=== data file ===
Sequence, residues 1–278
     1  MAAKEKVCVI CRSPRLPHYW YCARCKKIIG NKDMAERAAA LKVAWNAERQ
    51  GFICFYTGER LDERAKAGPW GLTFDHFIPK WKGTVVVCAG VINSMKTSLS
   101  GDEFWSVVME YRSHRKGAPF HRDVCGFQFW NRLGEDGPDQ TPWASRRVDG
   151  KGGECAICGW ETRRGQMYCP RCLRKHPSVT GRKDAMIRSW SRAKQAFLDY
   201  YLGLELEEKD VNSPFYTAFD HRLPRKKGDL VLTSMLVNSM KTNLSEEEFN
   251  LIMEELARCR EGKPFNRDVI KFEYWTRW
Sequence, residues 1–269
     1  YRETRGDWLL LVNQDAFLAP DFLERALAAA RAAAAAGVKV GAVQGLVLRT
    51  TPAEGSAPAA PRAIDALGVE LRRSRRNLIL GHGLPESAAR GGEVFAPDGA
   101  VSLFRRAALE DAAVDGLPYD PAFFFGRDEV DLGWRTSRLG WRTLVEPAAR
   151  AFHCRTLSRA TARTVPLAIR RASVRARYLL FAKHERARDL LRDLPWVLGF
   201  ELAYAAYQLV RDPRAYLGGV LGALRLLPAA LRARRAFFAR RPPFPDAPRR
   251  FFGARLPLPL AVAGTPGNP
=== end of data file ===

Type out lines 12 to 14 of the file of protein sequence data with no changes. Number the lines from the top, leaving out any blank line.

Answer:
   151  AFHCRTLSRA TARTVPLAIR RASVRARYLL FAKHERARDL LRDLPWVLGF
   201  ELAYAAYQLV RDPRAYLGGV LGALRLLPAA LRARRAFFAR RPPFPDAPRR
   251  FFGARLPLPL AVAGTPGNP